Did you know that Jacksonville was the hometown of key figures from the American civil rights movement, including A. Philip Randolph, Eartha M. M. White, and James Weldon Johnson? Or that it’s home to the oldest historically Black university in Florida? Did you know about Norman Studios, or that LaVilla used to be so much more than the Ritz Theatre and a bunch of empty fields?
If you didn’t know any of this, you’re not alone. Jacksonville has, for many years, done a very poor job of highlighting its own role in the country’s decades-long civil rights movement that culminated in the passage of the Civil Rights Act of 1964. Monuments to the movement – and the city’s Black history in general – are few and far between, with many only coming about as a result of continued lobbying efforts by local activists. A street is named for A. Philip Randolph, but few locals understand the significance of that name. A park in LaVilla dedicated to James Weldon Johnson sits amidst a sea of empty lots from when the city decimated what was left of the historic neighborhood.
Given the relatively extensive relationship between Jacksonville and the civil rights movement, it would make sense for the city to have its own civil rights museum – a tribute to the local men, women, and organizations that advanced the cause of equality, to be appreciated both by visitors to our city looking to gain cultural context as well as locals who may have otherwise never known these stories.
And there would certainly be no shortage of potential exhibits for such a museum.
As mentioned, Randolph, Johnson, and Eartha M. M. White all spent their formative years here in Jacksonville before going on to play a role in the growing local and national civil rights movements. Randolph’s chief accomplishment was leading the 1963 March on Washington, which drew hundreds of thousands to the nation’s capital to protest racial discrimination and segregation – and at which Rev. Martin Luther King, Jr., delivered his iconic “I Have a Dream” speech. Johnson wrote “Lift Ev’ry Voice and Sing,” referred to as the “Black national anthem,” and was the first Black man admitted to the Florida Bar; he also advocated in favor of anti-lynching legislation on a national level. White founded the Clara White Mission and the Colored Citizens Protective League and also aided in the establishment of local hospitals and schools for Black residents. All three would be worthy of extensive exhibits detailing their accomplishments and their time in Jax.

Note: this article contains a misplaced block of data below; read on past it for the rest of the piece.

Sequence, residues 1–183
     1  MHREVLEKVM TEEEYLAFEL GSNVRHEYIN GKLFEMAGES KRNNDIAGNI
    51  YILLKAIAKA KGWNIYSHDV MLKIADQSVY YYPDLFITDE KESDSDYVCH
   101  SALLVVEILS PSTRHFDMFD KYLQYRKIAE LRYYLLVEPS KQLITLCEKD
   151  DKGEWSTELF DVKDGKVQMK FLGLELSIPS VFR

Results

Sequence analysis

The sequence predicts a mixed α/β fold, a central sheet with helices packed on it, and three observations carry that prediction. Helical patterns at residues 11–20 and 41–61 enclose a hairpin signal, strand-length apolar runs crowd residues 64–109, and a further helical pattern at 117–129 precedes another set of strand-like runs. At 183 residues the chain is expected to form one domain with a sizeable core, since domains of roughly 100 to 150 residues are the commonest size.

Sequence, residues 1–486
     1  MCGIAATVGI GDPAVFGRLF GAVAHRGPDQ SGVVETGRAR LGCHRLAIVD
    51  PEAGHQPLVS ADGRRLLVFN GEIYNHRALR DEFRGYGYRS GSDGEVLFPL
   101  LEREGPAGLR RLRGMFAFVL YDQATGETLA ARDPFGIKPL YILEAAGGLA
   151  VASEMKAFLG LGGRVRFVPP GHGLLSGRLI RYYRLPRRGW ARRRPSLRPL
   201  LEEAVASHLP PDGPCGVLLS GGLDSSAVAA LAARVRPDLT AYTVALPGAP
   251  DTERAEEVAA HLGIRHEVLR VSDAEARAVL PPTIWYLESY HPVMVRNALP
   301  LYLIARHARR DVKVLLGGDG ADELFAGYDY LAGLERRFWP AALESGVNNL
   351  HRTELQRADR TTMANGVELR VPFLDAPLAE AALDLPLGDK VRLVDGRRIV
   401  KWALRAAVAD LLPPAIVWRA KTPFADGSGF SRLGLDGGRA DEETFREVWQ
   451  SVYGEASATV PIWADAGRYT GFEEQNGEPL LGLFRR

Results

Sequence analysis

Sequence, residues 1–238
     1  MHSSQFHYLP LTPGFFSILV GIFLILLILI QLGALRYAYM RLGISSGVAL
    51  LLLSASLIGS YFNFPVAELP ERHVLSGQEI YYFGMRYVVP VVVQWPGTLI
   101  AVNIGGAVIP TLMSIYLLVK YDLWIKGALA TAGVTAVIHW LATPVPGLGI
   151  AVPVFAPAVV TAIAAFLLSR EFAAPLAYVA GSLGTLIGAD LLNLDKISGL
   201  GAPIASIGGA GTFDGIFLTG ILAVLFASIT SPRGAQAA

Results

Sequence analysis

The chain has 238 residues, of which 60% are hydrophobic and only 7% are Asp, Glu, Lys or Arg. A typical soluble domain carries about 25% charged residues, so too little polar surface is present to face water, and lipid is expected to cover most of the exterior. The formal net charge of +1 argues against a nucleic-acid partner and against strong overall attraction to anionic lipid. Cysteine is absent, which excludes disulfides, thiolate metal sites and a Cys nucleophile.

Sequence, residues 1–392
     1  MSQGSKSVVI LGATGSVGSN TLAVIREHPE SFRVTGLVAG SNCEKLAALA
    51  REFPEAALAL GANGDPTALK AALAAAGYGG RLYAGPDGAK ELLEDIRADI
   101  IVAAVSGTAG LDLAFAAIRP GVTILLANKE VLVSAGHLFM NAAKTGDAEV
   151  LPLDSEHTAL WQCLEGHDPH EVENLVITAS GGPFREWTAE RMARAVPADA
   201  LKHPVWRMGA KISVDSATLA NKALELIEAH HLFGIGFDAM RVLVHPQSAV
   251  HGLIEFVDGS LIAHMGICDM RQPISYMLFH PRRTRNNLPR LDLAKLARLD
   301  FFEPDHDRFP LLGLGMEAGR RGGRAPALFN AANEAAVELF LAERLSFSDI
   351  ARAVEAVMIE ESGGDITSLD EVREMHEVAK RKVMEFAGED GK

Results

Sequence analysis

Exhibits that model both Hemming Park and the Eastside could chronicle the story and context behind the city’s racial riots in the ‘60s. The efforts of Brewster Hospital, Stanton High School, Norman Studios, Ed Waters College, and the many other local organizations who worked to provide Black residents with services that they were otherwise denied.
And there’s an almost endless number of local figures who would deserve a mention – if not more – within such a museum. People like Joseph E. Lee, Rodney Hurst, Dr. Arnett Girardeau, Sallye B. Mathis, Mary L. Singleton, Rutledge Pearson, and Nat Glover could be fully honored for their place in the city’s civil rights history.
Where would this museum be located? Well, one of the aforementioned local activists, Rodney Hurst, already has a place in mind: the old Snyder Memorial Church building next to Hemming Park which was utilized as a safe space during the violence of Ax Handle Saturday. Using the old church building would be a win-win for the city, as it has long struggled to figure out how to reutilize the property and it would allow for the creation of a museum without financing a new structure.
The involvement of local activists in the national civil rights movement should be a source of civic pride for Jax residents; instead, the majority of the city’s population only has pieces of the full story. Adding a civil rights museum could be a great first step in changing that reality.